This is your opportunity to climb three of the most iconic peaks in the North Cascades in one week. Come and climb Mount Baker, Mount Shuksan and Sahale Peak with us. Non of these peaks are very demanding on a technical level, but they offer a level of introduction into alpine climbing that would be hard to match in a different area of the Lower 48 states.
Peak 1: Mount Baker is a heavily glaciated volcano and the route up the Coleman and Deming Glaciers is scenic, technically entertaining and physically strenuous enough so that you will feel challenges but ready for the next step. Besides climbing a very cool glaciated peak, you will be introduced to roped glacier travel and crampon technique up to 40 degrees of steepness. Mount Baker tops out at 10780 feet, which is just high enough to start feeling the altitude a bit, but prior acclimatization is not a big topic, which is a huge plus.
Peak 2: Mount Shuksan is arguably the most photographed mountain of North Cascades National Park. At 9135 feet it is not as high as Mount Baker, but the slightly lower starting elevation up and more technical summit tower certainly make the effort comparable. We will be climbing Mount Shuksan via the well known Sulphide Glacier route, which can be divided into three very distinct parts. You start out via a nice hike up the forest. This leads to the lower reaches of the expansive Sulphide Glacier, which in turn leads to the famous rocky summit pyramid. Here the mode of climbing switches from moderate glacier travel to exposed scrambling on 4th class terrain all the way to the lofty summit.
Peak 3: Sahale Peak has it all. At 8631 feet, Sahale is the "lowest" of the three summits, but maybe the most diverse in what the route has to offer. We will climb up into the famous Boston Basin and camp below Forbidden Peak. The route will take us up the Quien Sabe Glacier to the Boston-Sahale Col and from there to the summit. The summit views are considered the best in the Cascades by many climbers.
A few words about this Triology Trip: You will be climbing over 20000 feet of vertical over the course of 6 days of climbing. Even though not technically demanding, this trip is physically demanding, since the terrain is uneven, you are sleeping outside and for more than half the time you will be carrying an overnight pack. Very good physical fitness is a must for proper enjoyment of this amazing mountain experience.
Equipment List for Triology:
o 1 Bottom - midweight or lightweight
o Non-Cotton Underwear
o 1 or 2 Tops - midweight or lightweight
o Sock Liners - 2 or 3 pair
o Socks - 2 pair
o Windshirt, Soft Shell, Fleece Jacket - only one of these is necessary
o Soft Shell type pants
o Lightweight Waterproof/Breathable Jacket
o Lightweight Waterproof/Breathable Pants - may be omitted w/ soft shell type pants
o Warm Hat - should cover ears
o Sun Hat - baseball type or visor
o Lightweight Gloves - wind block or fleece/wool type
o Warm Gloves
o Gaiters - low top or full size
o Down or Synthetic Jacket
o Internal Frame Pack - 50 Liter (3100 cu in.) minimum
o Sleeping Bag - down or synthetic, 20 deg. F. minimum
o Sleeping Pad - closed cell foam or self inflating
o Mountaineering Boots - leather or synthetic, crampon compatible
o Headlamp - lightweight LED recommended w/ extra batteries
o Water Bottles - 1 or 2 liters, wide mouth
o Water Purification - tablets or filter
o Bowl or Cup
o Small Knife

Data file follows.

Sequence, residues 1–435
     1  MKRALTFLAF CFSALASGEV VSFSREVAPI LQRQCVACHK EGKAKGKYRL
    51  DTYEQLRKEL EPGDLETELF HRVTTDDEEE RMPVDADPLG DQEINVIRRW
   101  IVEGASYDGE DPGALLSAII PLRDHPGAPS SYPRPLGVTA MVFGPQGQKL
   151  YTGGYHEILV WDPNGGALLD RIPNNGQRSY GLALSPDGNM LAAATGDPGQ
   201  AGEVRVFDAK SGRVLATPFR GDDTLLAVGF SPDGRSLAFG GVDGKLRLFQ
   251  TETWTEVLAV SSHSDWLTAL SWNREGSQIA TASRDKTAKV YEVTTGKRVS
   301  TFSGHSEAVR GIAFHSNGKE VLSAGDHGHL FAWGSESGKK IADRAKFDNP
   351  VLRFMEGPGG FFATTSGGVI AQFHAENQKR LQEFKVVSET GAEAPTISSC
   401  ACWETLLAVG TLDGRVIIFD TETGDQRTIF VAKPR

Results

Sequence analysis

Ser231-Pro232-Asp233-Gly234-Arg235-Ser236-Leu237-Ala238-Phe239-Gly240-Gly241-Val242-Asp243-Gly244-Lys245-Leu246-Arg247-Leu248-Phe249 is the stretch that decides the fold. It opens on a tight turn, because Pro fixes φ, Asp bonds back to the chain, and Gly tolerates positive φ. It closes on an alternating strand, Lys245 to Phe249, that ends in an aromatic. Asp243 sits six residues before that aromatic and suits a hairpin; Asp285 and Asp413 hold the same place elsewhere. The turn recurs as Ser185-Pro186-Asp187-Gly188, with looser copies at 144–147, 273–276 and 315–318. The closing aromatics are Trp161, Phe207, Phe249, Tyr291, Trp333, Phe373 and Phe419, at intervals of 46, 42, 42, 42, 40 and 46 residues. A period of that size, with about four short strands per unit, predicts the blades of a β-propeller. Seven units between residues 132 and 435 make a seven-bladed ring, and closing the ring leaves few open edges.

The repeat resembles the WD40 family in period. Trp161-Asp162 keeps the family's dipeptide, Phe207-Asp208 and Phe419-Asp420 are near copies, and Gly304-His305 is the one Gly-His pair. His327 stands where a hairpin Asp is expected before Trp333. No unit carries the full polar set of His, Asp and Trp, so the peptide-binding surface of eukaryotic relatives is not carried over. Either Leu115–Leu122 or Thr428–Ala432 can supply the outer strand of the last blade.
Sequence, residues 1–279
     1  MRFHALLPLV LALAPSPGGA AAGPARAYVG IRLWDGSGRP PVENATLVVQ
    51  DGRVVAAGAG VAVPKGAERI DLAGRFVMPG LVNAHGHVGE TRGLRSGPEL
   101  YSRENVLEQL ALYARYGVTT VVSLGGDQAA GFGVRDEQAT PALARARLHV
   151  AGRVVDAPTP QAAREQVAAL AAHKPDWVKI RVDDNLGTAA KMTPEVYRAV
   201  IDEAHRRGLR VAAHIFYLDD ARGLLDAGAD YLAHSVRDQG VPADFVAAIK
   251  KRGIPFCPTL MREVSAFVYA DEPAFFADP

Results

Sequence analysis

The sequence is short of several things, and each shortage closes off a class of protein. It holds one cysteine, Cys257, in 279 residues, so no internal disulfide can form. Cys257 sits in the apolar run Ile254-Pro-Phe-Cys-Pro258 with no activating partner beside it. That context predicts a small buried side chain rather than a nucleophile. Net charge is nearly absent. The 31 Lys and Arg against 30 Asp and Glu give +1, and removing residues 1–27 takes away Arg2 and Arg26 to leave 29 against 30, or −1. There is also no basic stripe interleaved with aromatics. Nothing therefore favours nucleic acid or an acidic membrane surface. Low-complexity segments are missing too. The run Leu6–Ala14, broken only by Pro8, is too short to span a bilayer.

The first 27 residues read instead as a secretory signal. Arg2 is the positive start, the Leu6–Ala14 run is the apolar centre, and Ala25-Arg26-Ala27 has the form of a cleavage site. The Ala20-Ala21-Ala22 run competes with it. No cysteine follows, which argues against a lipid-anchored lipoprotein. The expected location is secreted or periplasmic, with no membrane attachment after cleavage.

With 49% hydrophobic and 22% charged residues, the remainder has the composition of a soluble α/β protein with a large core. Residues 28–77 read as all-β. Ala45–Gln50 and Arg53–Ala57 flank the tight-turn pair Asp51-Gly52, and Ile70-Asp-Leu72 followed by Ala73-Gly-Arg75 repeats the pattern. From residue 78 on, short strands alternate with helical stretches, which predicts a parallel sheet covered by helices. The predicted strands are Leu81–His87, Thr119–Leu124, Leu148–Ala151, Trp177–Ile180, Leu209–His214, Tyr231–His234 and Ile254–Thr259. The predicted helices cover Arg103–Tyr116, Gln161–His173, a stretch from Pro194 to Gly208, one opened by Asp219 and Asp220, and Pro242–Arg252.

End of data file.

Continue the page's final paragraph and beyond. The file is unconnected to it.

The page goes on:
o Glacier Glasses
o Sunscreen - SPF 25+, waterproof
o Lip Balm - SPF 15+
o Lighter or Matches
o Personal Toiletries - toothbrush, toothpaste, waterless hand cleaner, etc.
o Small Personal 1st Aid Kit - blister repair, aspirin, ibuprofen, etc.
o Ice Axe - 55-70 cm length
o Crampons - 10 or 12 point steel or aluminum depending on conditions and route.
o Anti-ball plates - for crampons o Climbing Helmet - UIAA approved only o Climbing Harness - mountaineering style (e.g. B.D. Alpine Bod)
o 2 Locking Carabiners- (1) large HMS style and (1) regular locker
o 2 Non-locking Carabiners - any style, we recommend wire gates
o 1 Single Length Runner
o 1 Double Length Runner
o 1 Cordelette - 6 mm diameter, 6 meter length
o Ice Screws (2) - 13-17 cm length
OPTIONAL ITEMS *We highly recommend these items, but do not require them to participate
o Adjustable Trekking Pole(s) - nice to have for approach/crevasse navigation
o Camera - we’re always looking for some shots for the PGS website!
o Ear Plugs - essential for sound sleep
o Thermos - vacuum type
o Note Pad and Pencil - Rite-in-the-Rain brand waterproof notebook works
o Ropeman or Tibloc - used in the crevasse rescue system
o Compass - adjustable declination required
o Altimeter - Suunto watch works well
o Map Case - large zip-loc will suffice
o Collapsible Water Canteen - good for storing snowmelt at camp
GROUP GEAR PROVIDED BY PGS *Please contact the guiding office if you prefer to bring your own gear in place of any of our group gear.
o Cooking Pots
o Technical Gear such as elaborate crevasse rescue kit and trad gear.
o Group 1st Aid Kit
o VHF radio or Satellite phone
Where will we be meeting? We will either be meeting in Glacier, WA or Marbelmount, WA. This will depend on weather and in which direction it would be best to travel. In most cases we will place to meet at the Ranger Station in Glacier, WA.
Driving directions to the Glacier Ranger Station: Take Interstate 5 north to Hwy 542 in Bellingham and go east to the town of Glacier. Driving time is about 3 hours from Seattle. The ranger station is located about 0.5 miles east of town on the right hand side. You can CLICK HERE for a Google Map link to the ranger station.
How big or rather small should my pack be? Try to fit your gear into a 50 liter pack.
Does PGS provide food? No, you are responsible for your own food. We are glad to help with food suggestions though. You can CLICK HERE to check out our food recommendations for packing for your trip.